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Living Laboratory

Why Research?

Research - systematic investigation - is important to meeting our mission. As we learn more about our precious ecosystems throughout the Pacific Northwest, we can become better stewards.  We constantly share with and learn from colleagues throughout the region on best practices, new techniques and more. 

Taking the time to be involved and deeply examine what is happening in the natural world around us is a key to discovery.  It helps us unlock the knowledge and wisdom necessary to keep our environment healthy and robust - allowing it to be full with diversity and blossoming with life.  High biodiversity is key in developing and enhancing resilience - critical to survival in changing climate and social conditions.

Research conducted at PRI is almost always done in concert with at least one other institution or agency.  Past and current research partners include:

*University of Washington

*Washington State University

*University of Oregon

*Calvin College

*Messiah College

*Institute for Applied Ecology

*US Fish and Wildlife Service

*National Oceanic and Atmospheric Administration (NOAA)

*Pacific Northwest Seismic Network

We only participate in or conduct research that is directly applicable to our mission and which can provide information to help us improve our approaches and practices.  All results from our research are shared with the public and will eventually be made available on our website as well.

Current Research at PRI:

Restoration Techniques - We have partnered with the US Fish and Wildlife Service and the University of Washington since 2007 for research on best techniques for restoring abandoned agriculture land to native prairie.  Eric Delvin finished his PhD work on this project.  You can find his final analysis here.  We continue to manage the research plots and collect data, while gradually "absorbing" them into our native prairie expansion.  Through this program until 2013 we also assisted in the management of the UW research site on land owned by The Nature Conservancy on Ebey's Bluff.

Native Pollinator Research - In partnership with the Center for Natural Lands Management and the US Fish and Wildlife Service, native pollinator research has been conducted on the PRI prairie and several other prairies throughout the Puget Sound region to understand more about their behaviors, populations, plant preferences and more.  When this research is concluded, PRI will post a report on the findings.

Garry Oaks - We have collected data on our Garry oak plantings to determine the impact of deer browse, vole borrowing, and other factors on the ability of these native trees to survive.  Garry oaks have been planted for savannah enhancement and extension at the edges of both our north and east forests, as well as in our southwest corner near Parker Road and Morris Road, since 2001.  The original support for oak planting was provided by the USDA-Natural Resources Conservation Service.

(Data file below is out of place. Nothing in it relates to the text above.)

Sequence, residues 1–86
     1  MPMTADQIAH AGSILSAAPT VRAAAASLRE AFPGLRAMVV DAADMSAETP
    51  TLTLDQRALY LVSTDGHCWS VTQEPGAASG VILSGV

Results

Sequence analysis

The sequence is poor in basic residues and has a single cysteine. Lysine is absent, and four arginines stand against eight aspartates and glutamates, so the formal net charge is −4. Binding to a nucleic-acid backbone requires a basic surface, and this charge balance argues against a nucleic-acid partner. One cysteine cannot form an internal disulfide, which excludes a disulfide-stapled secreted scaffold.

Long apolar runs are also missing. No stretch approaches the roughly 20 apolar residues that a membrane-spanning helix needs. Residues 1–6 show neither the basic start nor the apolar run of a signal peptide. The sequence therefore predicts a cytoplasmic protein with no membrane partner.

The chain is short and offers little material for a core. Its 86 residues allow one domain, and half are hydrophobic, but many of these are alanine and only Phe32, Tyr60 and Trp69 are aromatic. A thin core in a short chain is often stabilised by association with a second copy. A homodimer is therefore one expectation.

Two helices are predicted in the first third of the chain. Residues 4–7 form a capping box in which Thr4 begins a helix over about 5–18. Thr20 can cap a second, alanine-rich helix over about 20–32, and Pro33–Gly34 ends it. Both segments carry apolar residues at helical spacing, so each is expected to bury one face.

Nutrient Network - Since 2007 our prairie is a study site for a collaborative effort called the Nutrient Network or "Nut-Net", pronounced "noot-net).  You can view a press release regarding the research here.  A recent published paper is also available upon request.  The Nutrient Network experimental site at PRI is managed by Dr. Jon Bakker of the University of Washington, and you can see the fencing near our southeast corner, north of Morris Road by a few hundred yards.

Completed Research:

The Collins Project - From 2007-2010 our site was part of a multi-site study by The Nature Conservancy and the Institute of Applied Ecology from Oregon to determine best methods of suppressing non-native herbaceous plants in remnant prairies.  MORE INFORMATION COMING SOON

Small Mammals - For over eight years we have conducted research on our prairie to gauge the ebb and flow of small mammal populations.  In particular, we have been able to track the cyclical population changes of Townsend's vole (Microtus townsendii).  Voles impact the prairie habitat as both predators and prey.  Being very prolific, their populations occasionally become very dense, followed by a "crash" in numbers.  Their characteristic trails, about 2" wide and as circuitous as a road map of Los Angeles, give them away - especially after mowing.  This vole we have here on Whidbey Island only exists in the extreme northwest of the lower 48 states and extreme southwest of British Columbia.  MORE INFORMATION COMING SOON

Climate Change and Native Prairies - From 2015 to 2019 our site was part of a "Whidbey Island to San Diego" research study conducted by the University of Oregon comparing climate, climate changes and health of native ecosystems.  MORE INFORMATION COMING SOON

Native Plant Seeding Techniques - MORE INFORMATION COMING SOON